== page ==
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Hotel Chargebacks: How to Manage Representment (Chargeback Dispute) Cases


Chargebacks are an increasingly taxing threat on a hotel property’s time and revenue. What’s more, “friendly fraud” is on the rise, in which a card is used in a legitimate transaction, but the guest disputes it with their card issuer afterward for any number of reasons.

Fortunately, hoteliers have an SOS card to respond: representments.

What is a chargeback representment?

To dispute a chargeback, merchants like hoteliers have the option to submit a representment case, in which you share evidence that proves the transaction was approved by the cardholder and completed properly. The representment gets sent to your acquiring bank, the entity who connects you to the card network that assisted in processing the transaction (learn more about the processing players here).

How can I proactively prepare for representment cases?

First, there are a few best practices you can follow to prepare you for evidence gathering: 

    1. While time consuming, maintain a thorough record of all your guests.
    2. Contact your guest and hear the reason for the chargeback from them directly. Sometimes a small overcharge or incorrect line item could cause them to ask for a complete refund from their bank, so you may be able to resolve it and issue a smaller refund directly.
    3. Get familiar with chargeback reason codes so you can understand the type of cardholder dispute you’re dealing with. This in turn helps you determine which evidence to compile.

Chargeback reason codes vary by the credit card company.

For example, Visa organizes their chargeback codes by categories. Here are codes within their "fraud" category:

    • Reason Code: 10.1
    • Reason: EMV Liability Shift Counterfeit Fraud
    • Reason Code: 10.2
    • Reason: EMV Liability Shift Non-Counterfeit

Here are some examples for Discover:

    • Reason Code: UA01
    • Reason: Fraud Card Present Environment
    • Reason Code: UA02
    • Reason: Card-Not-Present Environment

See a complete list of reason codes here.

What evidence is required? 

Here’s the list of items that’ll help you build a strong case: 

    1. A rebuttal letter summarizing all the evidence you’re submitting.  
    2. A copy of the transaction receipt or order form.
    3. Copies of communications made with the guest who filed the chargeback.
    4. Evidence that proves the transaction was approved and authorized by the guest, e.g., a signed document that describes the product or service being purchased.
    5. Proof that you have cardholder verification enabled, e.g., via 3-D Secure.
    6. A copy of your refund policy (which should also be easy to find on your website and shared with guests before a transaction is made).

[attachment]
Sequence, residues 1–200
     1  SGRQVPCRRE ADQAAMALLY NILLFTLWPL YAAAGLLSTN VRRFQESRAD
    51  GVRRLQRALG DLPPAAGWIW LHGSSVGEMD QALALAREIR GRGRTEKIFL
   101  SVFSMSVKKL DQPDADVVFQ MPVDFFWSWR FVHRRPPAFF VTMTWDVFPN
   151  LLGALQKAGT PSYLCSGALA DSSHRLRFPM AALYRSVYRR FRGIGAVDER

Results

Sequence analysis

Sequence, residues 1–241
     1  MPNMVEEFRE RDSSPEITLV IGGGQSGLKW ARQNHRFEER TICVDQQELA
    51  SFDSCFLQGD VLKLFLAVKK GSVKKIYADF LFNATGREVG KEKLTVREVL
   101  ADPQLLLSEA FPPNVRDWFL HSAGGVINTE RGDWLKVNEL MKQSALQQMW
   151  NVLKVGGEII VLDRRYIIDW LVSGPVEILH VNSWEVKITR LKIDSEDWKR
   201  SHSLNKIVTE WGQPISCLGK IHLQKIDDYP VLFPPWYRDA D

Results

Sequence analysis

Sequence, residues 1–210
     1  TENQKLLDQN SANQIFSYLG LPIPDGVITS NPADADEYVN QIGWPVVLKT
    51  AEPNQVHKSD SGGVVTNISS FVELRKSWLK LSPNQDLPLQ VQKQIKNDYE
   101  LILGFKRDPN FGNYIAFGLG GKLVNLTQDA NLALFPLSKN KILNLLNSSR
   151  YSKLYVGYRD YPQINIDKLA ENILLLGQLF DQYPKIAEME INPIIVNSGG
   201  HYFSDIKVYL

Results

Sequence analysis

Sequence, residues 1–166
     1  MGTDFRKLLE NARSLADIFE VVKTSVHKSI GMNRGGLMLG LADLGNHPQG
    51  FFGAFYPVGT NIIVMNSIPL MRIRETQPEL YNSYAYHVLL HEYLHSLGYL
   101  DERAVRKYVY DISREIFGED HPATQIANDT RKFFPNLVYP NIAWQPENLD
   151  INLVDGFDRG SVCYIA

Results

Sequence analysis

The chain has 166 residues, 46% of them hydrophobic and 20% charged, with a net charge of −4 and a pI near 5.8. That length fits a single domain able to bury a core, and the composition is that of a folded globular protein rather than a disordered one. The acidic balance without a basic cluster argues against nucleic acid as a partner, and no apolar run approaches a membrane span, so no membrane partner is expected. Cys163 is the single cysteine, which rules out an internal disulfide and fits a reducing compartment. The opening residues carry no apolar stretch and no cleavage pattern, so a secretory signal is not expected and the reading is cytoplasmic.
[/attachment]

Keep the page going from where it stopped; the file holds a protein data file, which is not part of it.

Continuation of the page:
Managing and aggregating information is easier with digital solutions. For example, Sertifi offers a “file certificate” for every folder sent out of our platform (a hotel’s portal) that details every action taken in the folder by both your agent and the guest, timestamping each action and IP address. This document is a helpful detailed overview of the transaction you could include in your chargeback dispute file. 

You need to be prompt about filing a representment case, so it’s important you have the right processes and technology in place to collect the evidence quickly.

What happens once you file a chargeback representment?

When the case is received, the acquiring bank sends your representment to the issuing bank, who issued the card used in the transaction. The issuing bank then may accept or reject your evidence.

    1. If accepted, the issuing bank alerts the cardholder their chargeback has been reversed, and you receive the funds as accepted.  
    2. If rejected, and the acquiring bank agrees with rejection, the acquiring bank initiates a refund to the cardholder. 
    3. If rejected, and the acquiring bank disagrees with the rejection, the issuing bank must conduct its own investigation and make the final chargeback decision.

The short story is that it’s a lengthy, time-consuming process that you have very little control over. Ultimately, it’s easiest for the issuing and acquiring banks to side with the cardholder and reject your case, so that’s typically how the process plays out.

Should I always file a chargeback representment case?

It’s worth disputing a chargeback if it relates to fraudulent activity. However, every hotel is different and not all properties have the bandwidth to devote to fighting chargebacks. With every chargeback filed, there’s a risk for lost revenue, so you need to ask yourself if it’s worth eating that cost.

While it’s smart to be prepared to fight chargebacks, it’s even more important to invest in a fraud prevention strategy. That’ll help you minimize your risk of chargebacks altogether. Secure processes and technology can help you stay ahead of chargebacks. 


Hotel Chargebacks & Fraud Prevention Guide

With a better understanding of chargebacks and how to prevent them, you can protect your property from risky behavior and save hundreds to thousands a year.

About the author

Peter Laspas

Peter Laspas is the manager of customer success at Sertifi. As a service-oriented leader, he's passionate about building relationships and helping users enjoy a more efficient, seamless agreement experience.